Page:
Each generation gets a little smarter than the last. Millennials (those currently age 18-35) understand the importance of saving for retirement at a younger age than their parents or grandparents did. The problem is that millennials have greater hurdles than any recent generation. Hopefully, you can help.
The first problem is student debt. Unlike earlier generations that had manageable student debt, this generation has relatively larger amounts of studend debt. In fact, a recent Wells Fargo study of those 22-35 years old found that 75 percent of millennials with student debt found it unmanageable.
Indeed, a paper by the St. Louis Federal Reserve reports that the “current national rate of serious delinquencies for student loans — defined as 90 days or more overdue — is about 11 percent, nearly double where it was in 2003. That number also could be considerably higher considering that many student loans are in deferment, grace periods or forbearance.”
If we get down the meat and potatoes of simply paying rent, here’s what millennials face:
When paying rent is a struggle, it’s hard to allocate funds for retirement investing. In fact, it’s not just rent that makes routine finances difficult to manage. As few Americans may realize, millennials entered adulthood as the U.S. standard of living started its decline.
The parents and grandparents of millennials generally experienced economies that were increasing the standard of living. Since the Great Depression, this is the first cohort to see a shrinking economic pie.
Among the 32 percent in the Wells Fargo study who expected to reach $1 million in savings, the median annual income was $53,000. This is higher than the median income for the survey participants overall: $39,100 for men, $28,800 for women. Miraculously, more than three-quarters of these “higher income” millennials are already saving for retirement.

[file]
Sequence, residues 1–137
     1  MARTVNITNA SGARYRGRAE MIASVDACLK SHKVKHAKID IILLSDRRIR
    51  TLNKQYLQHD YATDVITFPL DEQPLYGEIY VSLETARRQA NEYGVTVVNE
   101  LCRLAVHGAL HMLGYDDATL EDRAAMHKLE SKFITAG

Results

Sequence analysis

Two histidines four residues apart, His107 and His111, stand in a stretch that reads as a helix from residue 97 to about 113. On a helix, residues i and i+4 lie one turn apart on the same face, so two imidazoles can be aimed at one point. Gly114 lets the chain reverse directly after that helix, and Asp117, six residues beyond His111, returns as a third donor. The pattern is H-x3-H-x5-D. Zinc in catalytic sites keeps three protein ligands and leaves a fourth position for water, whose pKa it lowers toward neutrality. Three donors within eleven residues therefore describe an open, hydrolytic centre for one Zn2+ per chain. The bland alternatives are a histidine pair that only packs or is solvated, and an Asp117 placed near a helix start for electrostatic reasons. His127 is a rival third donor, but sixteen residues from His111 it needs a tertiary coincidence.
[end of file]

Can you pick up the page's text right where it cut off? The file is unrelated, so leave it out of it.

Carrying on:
Encouraging young investors to contribute to their company 401(k) is one of ther first pieces of advice an advisor should give to millennial clients. (Photo: iStock)
What can advisors do?
This generation will likely need more assistance with budgeting issues — stretching what they do have to include room for retirement investment. You may need to explain why they don’t need the latest iPhone.
Indeed, there may be other financial issues more pressing than saving for retirement. USNews.com concluded that the biggest financial concerns for millennials are:
- 55 percent — paying for school
- 47 percent — day –to –day expenses
- 28 percent — buying a home
- 22 percent — funding their retirement
- 20 percent — paying for health care
Advice you can provide:
Having health care coverage is most important. While a typical millennial may not see the need as they are young and healthy, getting hit by a bus is an accident that does not discriminate by age.
For those with dependents, having life insurance would come next.
Only once those absolute essentials are covered, can you offer advice for retirement investing:
- Get them to enroll in their company 401(k) account. Even as little as $100 per month gives them time and the power of compounding.
- If they don’t have a 401(k) at work, perhaps you are in a state that has enacted a state-based retirement plan for the private sector. About half of the states have such plans or will soon.
- Even if no formal retirement plan is available, the old systematic investing program offered by mutual fund companies is good way to establish an IRA.
- You may want to form an investment club for millennial clients. Not only is this a forum for contribution, it gets them involved in the investment process.
- Ask if the millennial receives monetary gifts from parents or grandparents. If so, have them ask if the giver can make the gift directly into their retirement plan.
You likely won’t earn much if any money from advising millennials, so consider it your pro bono contribution. And it doesn’t hurt to ask — can they refer you to their parents?